As you see, Pepito Pusinka Russell is not bothered by feelings of embarrassment concerning his potential pretentiousness as I am. When I image my own death and non-existence, my assumptions of how it will affect those close to me impact my emotional response. It saddens me that they will suffer and that they will have to live on without me. It is the second clause in that sentence that ushers in more embarrassing questions: So you think you are so indispensible, do you? You think they can’t get on without you? Well, who the hell do you think you are?

Again, fair enough. But in my defence, I am quite clear in my mind that I am not indispensible and I am equally clear that my family and friends will get on in life just fine without me. But if relationships mean anything, it is not wrong for me to be saddened that they will experience sorrow. In fact, if I did not, you should question my ethical integrity and my understanding of relationship itself. Nor is it s farfetched to feel sadness when imagining the impact of my absence in their lives. Surely if I am worth anything, and if my participation in the relationship has/had any value, then surely they will notice my being gone from their lives, and sometimes with sadness. And, importantly, the concern for other’s sorrow takes me out of myself and helps me avoid getting stuck in self-mourning.

I would suggest, that it is not pretentious to acknowledge that your family and friends will mourn your passing into nothingness. Just don’t overdo it.

There is one last source of sadness that needs brief comments. It saddens me that I will miss out on so much. I mentioned last week that I regret that I will not be around when humankind finally discovers life on another planet. The human adventure, though fragile, continues and I will not be a part of that, mostly as a witness obviously, but still I belong to this sometimes amazing and sometimes despicable species. I would like to see where we are are going.[5]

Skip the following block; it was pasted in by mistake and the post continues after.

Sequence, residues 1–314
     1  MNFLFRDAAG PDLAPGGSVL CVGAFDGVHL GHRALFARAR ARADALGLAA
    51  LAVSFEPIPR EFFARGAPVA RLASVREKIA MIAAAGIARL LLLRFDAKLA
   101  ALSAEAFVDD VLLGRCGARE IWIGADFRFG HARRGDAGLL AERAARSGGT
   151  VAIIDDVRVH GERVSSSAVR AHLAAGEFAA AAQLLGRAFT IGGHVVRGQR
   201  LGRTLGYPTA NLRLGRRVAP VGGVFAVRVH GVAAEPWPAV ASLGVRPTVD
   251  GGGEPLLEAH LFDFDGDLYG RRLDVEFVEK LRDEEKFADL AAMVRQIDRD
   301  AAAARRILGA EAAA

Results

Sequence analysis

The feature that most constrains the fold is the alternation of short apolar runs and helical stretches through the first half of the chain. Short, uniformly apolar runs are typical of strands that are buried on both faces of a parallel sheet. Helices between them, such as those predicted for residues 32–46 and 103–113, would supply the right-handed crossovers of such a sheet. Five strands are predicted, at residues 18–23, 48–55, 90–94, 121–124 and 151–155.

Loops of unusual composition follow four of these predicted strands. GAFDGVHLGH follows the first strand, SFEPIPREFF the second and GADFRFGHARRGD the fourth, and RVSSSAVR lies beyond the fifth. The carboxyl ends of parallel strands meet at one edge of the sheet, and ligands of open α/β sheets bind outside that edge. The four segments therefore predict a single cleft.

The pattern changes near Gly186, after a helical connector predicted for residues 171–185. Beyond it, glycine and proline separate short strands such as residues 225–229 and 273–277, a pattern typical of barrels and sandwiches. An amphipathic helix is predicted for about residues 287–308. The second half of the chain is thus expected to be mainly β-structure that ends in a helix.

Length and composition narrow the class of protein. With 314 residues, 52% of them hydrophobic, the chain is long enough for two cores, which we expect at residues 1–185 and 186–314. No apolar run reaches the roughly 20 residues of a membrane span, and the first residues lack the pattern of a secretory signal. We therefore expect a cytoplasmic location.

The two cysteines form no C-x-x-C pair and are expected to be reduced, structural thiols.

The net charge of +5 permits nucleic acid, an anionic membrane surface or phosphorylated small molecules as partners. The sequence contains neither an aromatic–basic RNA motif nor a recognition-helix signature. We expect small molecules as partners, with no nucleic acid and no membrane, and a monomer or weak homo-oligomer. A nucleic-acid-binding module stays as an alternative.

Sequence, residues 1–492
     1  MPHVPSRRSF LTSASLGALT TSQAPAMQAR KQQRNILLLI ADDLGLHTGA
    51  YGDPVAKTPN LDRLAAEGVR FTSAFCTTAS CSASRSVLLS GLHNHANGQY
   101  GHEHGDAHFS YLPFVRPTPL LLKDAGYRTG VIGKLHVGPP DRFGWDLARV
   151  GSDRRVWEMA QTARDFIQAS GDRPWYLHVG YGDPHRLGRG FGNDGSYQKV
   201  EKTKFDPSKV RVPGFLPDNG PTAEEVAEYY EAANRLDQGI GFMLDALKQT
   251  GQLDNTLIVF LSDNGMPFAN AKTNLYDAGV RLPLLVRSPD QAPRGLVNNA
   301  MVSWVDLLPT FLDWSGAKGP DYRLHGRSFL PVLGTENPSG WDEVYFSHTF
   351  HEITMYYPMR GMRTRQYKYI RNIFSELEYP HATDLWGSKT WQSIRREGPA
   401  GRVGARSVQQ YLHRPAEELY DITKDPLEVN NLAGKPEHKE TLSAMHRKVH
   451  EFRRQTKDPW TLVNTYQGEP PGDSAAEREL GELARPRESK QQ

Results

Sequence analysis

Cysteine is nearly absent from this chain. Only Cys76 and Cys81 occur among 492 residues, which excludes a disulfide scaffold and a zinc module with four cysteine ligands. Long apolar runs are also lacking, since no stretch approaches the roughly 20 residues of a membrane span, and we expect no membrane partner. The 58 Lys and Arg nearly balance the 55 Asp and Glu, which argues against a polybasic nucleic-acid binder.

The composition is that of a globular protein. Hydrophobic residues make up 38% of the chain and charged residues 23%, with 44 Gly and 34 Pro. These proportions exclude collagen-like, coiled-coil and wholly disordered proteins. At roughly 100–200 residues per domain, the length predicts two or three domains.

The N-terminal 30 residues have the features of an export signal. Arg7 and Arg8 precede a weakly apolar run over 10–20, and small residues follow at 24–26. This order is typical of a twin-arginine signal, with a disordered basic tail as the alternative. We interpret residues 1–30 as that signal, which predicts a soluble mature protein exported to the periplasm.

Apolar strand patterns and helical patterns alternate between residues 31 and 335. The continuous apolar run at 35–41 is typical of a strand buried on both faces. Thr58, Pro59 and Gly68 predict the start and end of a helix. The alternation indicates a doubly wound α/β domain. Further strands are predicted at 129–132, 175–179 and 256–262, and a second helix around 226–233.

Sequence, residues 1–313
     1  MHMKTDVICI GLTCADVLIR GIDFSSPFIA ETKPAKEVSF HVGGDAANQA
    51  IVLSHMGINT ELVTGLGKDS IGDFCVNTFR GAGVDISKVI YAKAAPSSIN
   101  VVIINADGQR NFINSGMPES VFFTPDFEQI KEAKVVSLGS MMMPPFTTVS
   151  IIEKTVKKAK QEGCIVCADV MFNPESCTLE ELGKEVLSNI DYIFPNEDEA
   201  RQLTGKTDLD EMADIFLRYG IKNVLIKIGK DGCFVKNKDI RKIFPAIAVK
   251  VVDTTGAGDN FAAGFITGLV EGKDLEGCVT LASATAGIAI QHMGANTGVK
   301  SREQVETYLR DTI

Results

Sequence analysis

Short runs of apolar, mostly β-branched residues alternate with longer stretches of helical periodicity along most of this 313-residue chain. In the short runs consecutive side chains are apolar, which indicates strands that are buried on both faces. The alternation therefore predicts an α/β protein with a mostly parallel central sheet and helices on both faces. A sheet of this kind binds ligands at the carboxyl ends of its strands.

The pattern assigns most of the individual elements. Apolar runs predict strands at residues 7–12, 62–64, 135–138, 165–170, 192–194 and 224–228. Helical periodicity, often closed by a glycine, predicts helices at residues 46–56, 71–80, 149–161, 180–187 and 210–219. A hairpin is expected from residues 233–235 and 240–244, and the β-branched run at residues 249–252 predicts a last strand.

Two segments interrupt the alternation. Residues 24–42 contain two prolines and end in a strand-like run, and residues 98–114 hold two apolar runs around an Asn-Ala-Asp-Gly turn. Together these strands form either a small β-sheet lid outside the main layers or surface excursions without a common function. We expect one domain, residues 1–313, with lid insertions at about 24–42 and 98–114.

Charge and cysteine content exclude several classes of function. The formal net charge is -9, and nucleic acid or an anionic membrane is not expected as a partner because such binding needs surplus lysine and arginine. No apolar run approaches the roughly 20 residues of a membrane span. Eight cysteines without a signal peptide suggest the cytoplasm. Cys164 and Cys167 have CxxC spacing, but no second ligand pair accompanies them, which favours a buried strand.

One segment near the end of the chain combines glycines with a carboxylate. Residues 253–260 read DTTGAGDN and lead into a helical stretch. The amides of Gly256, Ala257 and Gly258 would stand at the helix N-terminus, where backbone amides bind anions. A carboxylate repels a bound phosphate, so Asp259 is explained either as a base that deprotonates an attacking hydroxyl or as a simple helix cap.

So I feel sadness for myself, for my family and friends and for missing out on the human journey when thinking about my death and non-existence. I want to emphasise, that while sadness can be intense, it is not a tragic sadness. It would be if death were a rare occurrence and it just happened to befall me or if I were a person of note – an artist or thinker or even a politician. None are the case which means the sadness is deeply personal and specific, but not tragic.

To say that contemplating my non-existence can be at time frightening and sad, is not to say that I actually understand it. So, next week, Death: There’s Something Bewildering about Nothingness.

Copyright © 2014 Dale Rominger

[1] As I said last week: “It’s important to note that by afterlife Scheffler is not talking about the continuing existence of an individual after death. He’s talking about the continuation of the human species after an individual’s death and what that means to the understanding and valuing of our lives. It’s a very interesting book, though I have to confess I was sympathetic to his argument going in.”
[2] The phrase “have had cancer” is somewhat ambiguous. At present it appears I am clear of cancer. However, it’s cancer, so for the rest of my life I will be checked to see if the bastard has returned.
[3] I must confess the exact nature of the numbers make me sceptical.
[4] Rominger, Dale. Alien Love or Thank You Alpha Centauri. Bloomington: Xlibris  Publishing, 2012, pp 32-33.
[5] There is a flip side to this concern. It may be that our species is, in effect, committing suicide through climate change which may lead to conflict and war. The future may be bleak and we have no other planet to go to. So, at times I am actually glad I will not be around to see what is going to happen.